Methamphetamine is a highly addictive, central nervous system stimulant that alters the level of dopamine in the body and increases reward-seeking behavior. Chronic and long-term use of methamphetamine can alter brain functioning, leading to memory loss, poor decision-making, altered moods, and impulsivity, and can potentially damage the central nervous system. Methamphetamine use disorder is a complex brain disease that affects an individual’s well-being and can also affect their entire family. Treatment for methamphetamine use disorders is possible with active engagement, incentive-based approaches, and timely access to appropriate and structured treatment, including family-centered treatment.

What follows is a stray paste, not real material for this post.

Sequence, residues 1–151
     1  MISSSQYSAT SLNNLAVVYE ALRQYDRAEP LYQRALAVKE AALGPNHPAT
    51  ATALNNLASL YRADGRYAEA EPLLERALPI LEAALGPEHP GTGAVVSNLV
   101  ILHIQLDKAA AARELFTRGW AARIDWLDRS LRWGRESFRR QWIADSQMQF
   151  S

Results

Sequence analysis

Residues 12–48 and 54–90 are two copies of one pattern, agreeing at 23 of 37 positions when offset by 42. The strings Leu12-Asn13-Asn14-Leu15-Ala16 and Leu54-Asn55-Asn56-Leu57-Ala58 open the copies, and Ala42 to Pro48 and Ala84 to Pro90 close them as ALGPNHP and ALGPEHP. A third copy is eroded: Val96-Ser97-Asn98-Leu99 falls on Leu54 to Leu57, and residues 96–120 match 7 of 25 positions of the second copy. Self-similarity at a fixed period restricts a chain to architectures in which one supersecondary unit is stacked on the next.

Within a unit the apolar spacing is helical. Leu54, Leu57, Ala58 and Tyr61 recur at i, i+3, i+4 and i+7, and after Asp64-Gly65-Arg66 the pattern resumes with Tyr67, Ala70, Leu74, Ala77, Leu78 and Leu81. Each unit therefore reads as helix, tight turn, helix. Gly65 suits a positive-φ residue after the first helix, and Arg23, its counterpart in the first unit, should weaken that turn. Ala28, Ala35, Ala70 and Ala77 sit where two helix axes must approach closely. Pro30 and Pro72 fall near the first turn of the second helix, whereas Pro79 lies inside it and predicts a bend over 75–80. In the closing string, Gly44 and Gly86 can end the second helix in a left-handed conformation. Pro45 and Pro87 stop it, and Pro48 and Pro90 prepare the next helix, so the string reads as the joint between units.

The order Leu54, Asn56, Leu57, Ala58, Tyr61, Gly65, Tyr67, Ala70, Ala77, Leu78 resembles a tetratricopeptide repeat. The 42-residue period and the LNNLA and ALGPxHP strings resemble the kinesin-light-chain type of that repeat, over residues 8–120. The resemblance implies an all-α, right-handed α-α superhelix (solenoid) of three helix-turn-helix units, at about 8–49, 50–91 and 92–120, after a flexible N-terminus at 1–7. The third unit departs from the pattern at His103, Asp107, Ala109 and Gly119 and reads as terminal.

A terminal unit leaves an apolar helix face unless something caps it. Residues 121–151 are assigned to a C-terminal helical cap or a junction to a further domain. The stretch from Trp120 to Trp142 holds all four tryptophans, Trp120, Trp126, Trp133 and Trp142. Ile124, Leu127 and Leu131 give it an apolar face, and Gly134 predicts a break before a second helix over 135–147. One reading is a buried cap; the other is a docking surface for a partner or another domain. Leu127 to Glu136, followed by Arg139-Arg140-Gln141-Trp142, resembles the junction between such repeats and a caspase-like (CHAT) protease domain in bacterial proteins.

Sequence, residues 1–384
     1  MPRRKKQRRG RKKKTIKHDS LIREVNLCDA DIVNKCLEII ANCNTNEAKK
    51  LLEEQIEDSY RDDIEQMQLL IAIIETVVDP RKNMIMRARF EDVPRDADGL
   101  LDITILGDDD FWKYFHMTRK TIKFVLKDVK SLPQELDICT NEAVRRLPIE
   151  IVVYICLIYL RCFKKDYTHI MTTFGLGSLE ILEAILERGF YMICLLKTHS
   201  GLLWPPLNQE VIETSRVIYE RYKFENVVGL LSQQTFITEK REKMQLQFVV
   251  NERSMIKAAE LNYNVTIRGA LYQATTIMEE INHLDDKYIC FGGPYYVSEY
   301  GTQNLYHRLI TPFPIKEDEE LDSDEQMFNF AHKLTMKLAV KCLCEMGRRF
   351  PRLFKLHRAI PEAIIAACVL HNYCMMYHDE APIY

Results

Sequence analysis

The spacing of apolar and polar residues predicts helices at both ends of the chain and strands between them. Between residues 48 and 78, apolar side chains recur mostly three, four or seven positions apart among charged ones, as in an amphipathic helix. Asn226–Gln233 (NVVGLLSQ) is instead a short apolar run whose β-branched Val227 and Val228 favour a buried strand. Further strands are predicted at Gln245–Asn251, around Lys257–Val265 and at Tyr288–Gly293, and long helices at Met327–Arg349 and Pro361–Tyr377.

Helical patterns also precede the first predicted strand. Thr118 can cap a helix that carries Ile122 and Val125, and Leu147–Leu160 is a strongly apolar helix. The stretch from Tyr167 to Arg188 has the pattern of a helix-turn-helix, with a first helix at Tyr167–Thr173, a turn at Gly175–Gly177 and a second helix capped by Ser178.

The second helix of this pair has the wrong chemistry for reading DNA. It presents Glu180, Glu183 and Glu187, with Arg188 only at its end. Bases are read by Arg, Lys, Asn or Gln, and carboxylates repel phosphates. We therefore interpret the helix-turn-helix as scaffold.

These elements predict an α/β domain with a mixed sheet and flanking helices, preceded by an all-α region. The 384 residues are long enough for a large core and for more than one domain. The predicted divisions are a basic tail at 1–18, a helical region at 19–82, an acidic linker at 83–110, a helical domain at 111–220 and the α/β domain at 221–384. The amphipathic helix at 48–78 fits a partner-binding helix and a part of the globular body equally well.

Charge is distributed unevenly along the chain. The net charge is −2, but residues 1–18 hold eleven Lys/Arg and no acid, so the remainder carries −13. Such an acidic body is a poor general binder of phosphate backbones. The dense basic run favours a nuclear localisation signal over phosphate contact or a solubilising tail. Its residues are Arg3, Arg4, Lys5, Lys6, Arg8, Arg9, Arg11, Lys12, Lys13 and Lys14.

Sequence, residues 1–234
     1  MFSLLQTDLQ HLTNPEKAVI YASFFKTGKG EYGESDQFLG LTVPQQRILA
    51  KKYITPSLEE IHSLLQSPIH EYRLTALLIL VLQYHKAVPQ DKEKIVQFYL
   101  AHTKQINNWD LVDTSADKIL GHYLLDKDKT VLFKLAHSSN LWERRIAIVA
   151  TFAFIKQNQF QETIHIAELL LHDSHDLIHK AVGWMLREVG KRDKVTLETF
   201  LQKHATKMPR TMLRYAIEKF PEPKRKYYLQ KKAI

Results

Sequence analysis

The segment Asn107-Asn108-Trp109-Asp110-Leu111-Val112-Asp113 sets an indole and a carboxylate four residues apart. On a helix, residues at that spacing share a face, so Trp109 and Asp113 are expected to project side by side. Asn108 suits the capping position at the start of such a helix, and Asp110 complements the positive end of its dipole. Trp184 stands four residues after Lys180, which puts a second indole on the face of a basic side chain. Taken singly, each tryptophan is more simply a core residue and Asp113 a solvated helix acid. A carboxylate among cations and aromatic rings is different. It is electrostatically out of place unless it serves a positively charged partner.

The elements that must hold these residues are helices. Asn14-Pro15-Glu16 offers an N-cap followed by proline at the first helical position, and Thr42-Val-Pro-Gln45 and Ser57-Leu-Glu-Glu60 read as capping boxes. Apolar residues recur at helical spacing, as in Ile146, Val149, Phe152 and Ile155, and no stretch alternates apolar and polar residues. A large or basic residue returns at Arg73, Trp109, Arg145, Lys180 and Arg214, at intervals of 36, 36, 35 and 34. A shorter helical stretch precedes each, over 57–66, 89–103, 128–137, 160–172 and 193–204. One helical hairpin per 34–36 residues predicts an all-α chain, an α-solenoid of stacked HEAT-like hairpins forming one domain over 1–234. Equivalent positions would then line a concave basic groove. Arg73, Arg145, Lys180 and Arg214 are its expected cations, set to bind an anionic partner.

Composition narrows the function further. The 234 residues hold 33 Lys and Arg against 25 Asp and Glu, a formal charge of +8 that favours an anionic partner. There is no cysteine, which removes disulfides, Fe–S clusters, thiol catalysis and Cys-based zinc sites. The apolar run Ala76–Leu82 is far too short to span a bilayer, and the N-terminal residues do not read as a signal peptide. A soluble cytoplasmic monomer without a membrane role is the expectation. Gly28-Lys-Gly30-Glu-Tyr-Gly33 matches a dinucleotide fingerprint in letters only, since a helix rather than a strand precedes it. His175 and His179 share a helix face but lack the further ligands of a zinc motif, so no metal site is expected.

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    • Strategies To Support Parents With Methamphetamine Use Disorder And Their Families (PDF 3.2 MB)

      National Center on Substance Abuse and Child Welfare, 2021

      Child welfare staff across the country identify methamphetamine use as a continuing or re-emerging challenge in their communities. This tip sheet provides facts about methamphetamine use and the effectiveness of treatment and offers strategies for child welfare workers and other professionals to improve outcomes for parents who use methamphetamine and their children and families. This tip sheet is a companion to Supporting Children Affected by Methamphetamine Use.

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